Luke Thorne’s review published on Letterboxd:
Luca Guadagnino’s horror in which a young American ballerina trains at a prestigious German dance academy and finds out the school’s dark and menacing secrets.
From director Luca Guadagnino, the director of A Bigger Splash and Call Me By Your Name (the director’s previous film, which won James Ivory the Academy Award for Best Adapted Screenplay), comes a remake of the original version which was made by Italian director Dario Argento 41 years earlier.
Considering how much I like the original, my expectations for this remake were low – and they have proven to be correct.
The story concerns young American dancer Susie Bannion (Dakota Fanning) who enters 1970s Berlin to try-out for the world-renowned Helena Markos Dance Company. When she arches to the part of lead dancer, the woman she substitutes breaks down and blames the company's female directors of sorcery.
While that is going on, a nosy therapist and an associate of the company discover dark and threatening confidences as they enquiry the extents of the studio's concealed subversive compartments.
Dakota Johnson gives an okay performance in her role as Susie Bannon, the young American dancer who painfully trains at the German academy, only to find out that the place is definitely not safe to be at.
Elsewhere, Tilda Swinton is alright in her double role as Madame Blanc and Mother Helena Markos. Blanc is in charge of the dance class and also the choreographer, while Mother Helena Markos is one of the witches involved.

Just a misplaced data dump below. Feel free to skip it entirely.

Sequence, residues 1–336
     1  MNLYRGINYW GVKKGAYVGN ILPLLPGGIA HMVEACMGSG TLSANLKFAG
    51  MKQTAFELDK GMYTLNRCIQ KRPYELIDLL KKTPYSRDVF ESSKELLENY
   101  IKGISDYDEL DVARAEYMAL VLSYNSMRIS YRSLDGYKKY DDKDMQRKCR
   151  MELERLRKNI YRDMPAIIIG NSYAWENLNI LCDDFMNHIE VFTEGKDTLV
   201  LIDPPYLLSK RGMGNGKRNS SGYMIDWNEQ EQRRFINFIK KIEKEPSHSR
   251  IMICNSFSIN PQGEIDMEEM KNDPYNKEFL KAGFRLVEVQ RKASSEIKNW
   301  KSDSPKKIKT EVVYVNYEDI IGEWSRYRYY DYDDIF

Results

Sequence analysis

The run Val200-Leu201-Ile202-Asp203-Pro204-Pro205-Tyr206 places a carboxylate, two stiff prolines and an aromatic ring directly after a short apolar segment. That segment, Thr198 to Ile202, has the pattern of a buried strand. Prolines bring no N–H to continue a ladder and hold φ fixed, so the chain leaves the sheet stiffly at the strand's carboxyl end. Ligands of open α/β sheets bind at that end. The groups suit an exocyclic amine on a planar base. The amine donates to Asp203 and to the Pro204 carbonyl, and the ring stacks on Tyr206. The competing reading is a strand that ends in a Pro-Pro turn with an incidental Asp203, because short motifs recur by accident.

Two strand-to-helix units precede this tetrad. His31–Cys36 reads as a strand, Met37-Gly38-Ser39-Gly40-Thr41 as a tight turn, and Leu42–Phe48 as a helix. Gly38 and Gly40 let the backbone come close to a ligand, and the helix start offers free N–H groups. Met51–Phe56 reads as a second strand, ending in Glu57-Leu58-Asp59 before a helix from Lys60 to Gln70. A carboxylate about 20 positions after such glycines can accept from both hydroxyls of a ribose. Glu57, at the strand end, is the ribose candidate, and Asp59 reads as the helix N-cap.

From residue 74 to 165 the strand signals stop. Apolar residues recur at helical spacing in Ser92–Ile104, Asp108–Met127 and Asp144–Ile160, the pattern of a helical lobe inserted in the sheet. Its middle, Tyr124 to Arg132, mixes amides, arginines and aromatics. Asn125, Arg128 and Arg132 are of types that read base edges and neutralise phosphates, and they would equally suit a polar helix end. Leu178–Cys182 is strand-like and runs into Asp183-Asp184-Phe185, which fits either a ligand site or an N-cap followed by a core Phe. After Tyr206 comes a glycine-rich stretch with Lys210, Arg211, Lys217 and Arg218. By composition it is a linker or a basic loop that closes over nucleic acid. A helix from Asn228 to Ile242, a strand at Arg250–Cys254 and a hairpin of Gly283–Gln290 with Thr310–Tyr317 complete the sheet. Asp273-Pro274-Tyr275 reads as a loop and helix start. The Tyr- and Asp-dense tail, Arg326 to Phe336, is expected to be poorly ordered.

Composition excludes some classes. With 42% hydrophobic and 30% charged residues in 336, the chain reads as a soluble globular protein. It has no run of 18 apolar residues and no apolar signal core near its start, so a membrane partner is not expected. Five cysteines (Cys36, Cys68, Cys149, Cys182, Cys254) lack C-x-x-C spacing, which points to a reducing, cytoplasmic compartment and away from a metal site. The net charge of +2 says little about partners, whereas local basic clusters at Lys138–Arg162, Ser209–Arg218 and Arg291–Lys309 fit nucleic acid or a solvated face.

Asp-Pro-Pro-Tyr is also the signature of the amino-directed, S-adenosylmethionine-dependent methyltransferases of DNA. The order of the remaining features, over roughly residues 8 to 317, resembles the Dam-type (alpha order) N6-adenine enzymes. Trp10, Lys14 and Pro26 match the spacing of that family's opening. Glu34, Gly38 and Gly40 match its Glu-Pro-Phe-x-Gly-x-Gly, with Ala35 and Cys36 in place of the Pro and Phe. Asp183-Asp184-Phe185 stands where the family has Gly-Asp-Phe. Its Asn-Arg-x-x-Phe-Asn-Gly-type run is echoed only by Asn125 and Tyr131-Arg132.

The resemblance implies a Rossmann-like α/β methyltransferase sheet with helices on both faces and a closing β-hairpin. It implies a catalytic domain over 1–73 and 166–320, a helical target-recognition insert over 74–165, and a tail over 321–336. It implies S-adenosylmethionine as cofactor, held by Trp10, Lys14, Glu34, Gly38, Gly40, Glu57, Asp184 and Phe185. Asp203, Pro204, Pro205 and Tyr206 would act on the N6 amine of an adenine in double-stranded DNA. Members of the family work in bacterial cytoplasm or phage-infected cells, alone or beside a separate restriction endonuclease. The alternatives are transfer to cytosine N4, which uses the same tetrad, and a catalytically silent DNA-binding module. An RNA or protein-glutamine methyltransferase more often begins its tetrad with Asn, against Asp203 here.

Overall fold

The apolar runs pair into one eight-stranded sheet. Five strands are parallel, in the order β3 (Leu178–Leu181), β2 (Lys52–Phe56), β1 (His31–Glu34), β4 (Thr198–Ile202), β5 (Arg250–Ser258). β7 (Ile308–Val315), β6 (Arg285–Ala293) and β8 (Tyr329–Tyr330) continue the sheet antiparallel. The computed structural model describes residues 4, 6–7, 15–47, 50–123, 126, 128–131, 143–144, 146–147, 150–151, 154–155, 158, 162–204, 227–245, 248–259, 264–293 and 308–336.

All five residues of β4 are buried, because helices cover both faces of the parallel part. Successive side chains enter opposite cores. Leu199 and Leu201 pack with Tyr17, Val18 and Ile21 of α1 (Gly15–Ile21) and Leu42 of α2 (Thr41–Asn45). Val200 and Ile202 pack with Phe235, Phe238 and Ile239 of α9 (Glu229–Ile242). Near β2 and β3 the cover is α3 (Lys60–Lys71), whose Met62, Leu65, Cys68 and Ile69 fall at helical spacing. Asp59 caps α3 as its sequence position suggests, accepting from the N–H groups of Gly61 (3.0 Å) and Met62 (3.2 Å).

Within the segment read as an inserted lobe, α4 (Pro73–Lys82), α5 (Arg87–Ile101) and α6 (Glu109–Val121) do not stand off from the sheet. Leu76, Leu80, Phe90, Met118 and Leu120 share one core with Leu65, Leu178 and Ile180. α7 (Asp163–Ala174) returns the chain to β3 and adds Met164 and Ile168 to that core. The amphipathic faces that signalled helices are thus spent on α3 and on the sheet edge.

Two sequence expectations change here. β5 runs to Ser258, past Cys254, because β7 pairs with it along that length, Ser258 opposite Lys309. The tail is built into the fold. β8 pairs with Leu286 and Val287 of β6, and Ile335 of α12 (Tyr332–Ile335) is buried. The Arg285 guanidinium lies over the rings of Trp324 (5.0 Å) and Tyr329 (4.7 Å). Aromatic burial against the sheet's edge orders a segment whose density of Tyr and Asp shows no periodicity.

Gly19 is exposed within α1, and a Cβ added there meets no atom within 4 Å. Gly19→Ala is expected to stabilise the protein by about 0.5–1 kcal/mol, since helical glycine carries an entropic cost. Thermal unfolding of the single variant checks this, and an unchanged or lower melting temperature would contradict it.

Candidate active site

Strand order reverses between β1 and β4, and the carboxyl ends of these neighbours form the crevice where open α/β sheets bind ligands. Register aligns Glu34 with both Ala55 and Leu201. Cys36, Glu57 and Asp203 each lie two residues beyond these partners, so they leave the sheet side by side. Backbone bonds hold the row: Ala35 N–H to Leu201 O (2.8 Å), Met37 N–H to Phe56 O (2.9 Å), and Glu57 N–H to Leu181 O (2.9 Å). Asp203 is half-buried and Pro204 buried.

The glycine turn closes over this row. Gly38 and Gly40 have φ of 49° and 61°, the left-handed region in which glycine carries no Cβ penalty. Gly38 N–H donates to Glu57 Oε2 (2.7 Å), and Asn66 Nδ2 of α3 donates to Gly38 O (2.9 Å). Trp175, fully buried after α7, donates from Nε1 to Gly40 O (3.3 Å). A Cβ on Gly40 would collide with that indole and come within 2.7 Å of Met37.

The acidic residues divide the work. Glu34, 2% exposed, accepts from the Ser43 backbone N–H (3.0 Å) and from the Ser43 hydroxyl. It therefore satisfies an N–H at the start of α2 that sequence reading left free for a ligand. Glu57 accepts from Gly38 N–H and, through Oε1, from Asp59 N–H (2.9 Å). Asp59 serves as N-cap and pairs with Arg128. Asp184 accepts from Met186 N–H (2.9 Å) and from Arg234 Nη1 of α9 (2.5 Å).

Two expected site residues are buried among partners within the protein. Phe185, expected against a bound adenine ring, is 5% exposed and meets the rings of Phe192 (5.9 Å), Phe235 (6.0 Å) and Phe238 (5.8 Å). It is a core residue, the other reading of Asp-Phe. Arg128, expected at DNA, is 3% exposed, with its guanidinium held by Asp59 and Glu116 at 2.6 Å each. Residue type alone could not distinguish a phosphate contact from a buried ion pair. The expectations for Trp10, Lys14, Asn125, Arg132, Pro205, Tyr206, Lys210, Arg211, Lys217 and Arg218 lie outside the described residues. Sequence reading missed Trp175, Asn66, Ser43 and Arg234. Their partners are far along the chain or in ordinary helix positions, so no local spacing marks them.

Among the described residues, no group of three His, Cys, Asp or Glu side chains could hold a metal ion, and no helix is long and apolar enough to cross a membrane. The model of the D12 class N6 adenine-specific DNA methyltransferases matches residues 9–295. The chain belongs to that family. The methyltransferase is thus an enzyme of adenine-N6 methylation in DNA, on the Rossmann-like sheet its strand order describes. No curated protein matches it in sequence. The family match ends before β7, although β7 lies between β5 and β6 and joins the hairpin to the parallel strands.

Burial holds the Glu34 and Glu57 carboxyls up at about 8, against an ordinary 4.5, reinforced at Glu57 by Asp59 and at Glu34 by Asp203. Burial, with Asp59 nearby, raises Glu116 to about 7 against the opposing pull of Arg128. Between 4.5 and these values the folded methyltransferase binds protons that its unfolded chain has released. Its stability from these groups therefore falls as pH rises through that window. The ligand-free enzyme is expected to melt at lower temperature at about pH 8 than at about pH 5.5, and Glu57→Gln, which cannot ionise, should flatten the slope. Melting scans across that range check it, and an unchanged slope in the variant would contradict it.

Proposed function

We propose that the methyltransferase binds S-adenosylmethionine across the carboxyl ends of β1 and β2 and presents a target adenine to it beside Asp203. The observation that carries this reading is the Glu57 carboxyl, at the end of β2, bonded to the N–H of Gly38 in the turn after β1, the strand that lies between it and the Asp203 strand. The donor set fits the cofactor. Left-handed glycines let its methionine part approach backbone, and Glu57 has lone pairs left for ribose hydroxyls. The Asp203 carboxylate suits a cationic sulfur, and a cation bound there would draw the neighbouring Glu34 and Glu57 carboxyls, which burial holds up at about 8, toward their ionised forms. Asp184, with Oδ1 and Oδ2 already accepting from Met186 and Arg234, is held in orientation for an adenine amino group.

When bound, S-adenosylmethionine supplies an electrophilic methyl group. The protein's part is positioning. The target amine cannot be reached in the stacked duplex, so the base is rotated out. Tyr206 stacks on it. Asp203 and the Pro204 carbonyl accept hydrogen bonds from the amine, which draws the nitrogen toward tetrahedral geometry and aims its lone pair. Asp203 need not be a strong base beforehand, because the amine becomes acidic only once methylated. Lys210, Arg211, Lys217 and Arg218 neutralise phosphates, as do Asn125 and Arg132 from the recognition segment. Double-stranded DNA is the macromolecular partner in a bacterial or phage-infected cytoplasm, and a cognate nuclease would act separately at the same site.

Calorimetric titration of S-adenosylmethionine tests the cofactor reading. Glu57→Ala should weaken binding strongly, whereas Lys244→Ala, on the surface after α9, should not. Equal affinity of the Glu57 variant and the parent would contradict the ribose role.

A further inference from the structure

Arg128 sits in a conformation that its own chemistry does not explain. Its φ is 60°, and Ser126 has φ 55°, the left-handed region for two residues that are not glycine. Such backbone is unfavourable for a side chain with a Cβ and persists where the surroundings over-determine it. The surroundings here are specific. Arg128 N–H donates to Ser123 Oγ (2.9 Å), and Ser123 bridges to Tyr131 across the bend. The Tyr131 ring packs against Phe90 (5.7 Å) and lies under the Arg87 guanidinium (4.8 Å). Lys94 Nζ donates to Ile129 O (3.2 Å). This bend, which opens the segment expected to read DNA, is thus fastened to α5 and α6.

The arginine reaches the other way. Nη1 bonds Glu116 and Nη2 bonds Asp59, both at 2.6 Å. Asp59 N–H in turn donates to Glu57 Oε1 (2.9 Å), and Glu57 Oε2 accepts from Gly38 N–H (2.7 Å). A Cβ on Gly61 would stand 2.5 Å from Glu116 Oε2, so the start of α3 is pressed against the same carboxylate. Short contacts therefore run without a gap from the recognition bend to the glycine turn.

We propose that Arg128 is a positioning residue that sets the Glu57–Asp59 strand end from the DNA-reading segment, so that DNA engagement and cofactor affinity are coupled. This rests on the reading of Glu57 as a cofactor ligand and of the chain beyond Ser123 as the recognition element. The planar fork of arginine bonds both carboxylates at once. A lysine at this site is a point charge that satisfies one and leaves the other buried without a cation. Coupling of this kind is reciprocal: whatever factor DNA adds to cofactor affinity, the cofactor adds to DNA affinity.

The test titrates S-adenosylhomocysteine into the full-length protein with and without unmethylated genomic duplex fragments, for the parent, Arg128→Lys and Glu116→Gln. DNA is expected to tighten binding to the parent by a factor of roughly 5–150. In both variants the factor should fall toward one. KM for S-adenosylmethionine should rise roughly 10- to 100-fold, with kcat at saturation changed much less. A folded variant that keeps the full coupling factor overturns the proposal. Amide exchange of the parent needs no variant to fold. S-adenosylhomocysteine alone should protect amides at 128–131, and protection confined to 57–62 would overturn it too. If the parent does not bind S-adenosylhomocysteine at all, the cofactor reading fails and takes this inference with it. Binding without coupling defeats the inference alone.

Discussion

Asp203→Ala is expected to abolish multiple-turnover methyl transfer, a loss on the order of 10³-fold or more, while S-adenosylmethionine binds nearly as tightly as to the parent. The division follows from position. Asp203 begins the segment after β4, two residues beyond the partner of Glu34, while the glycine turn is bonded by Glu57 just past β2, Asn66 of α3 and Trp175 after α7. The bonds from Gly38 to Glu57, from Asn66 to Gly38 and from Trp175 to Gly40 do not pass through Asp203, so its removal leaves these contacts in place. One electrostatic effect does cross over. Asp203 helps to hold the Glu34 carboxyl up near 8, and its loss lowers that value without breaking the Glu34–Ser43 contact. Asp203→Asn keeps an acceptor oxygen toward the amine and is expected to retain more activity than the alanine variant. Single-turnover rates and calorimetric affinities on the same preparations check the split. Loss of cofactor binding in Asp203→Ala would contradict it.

Chloë Grace Moretz doesn’t offer much in her role as Patricia Hingleton, the student who mysteriously vanishes, while Jessica Harper, who played Susie in the original effort, makes a cameo here as Anke Meier.
The direction from Guadagnino is okay but it should have been better, such as showing more facial expressions to a stronger effect, while also having more of a tense atmosphere happening as well – this doesn’t occur much.
The script is written to an okay standard by David Kajganich as it is weak in places and there are scenes that did not need to be in the final edit, so the duration didn’t need to be 146 minutes long and the pace is slow. Not only this, but the violence is disturbing to look at as well.
However, the biggest problem for me is the subplot – this does not work and it makes the movie seem like it is running for longer than it is actually meant to, meaning this remake is one that is forgettable and I will always prefer the original.
Overall, the remake of Suspiria is a disappointing and disturbing one, due to the okay performances, direction, weak script, slow pace, long duration, subplot and lack of tense atmosphere.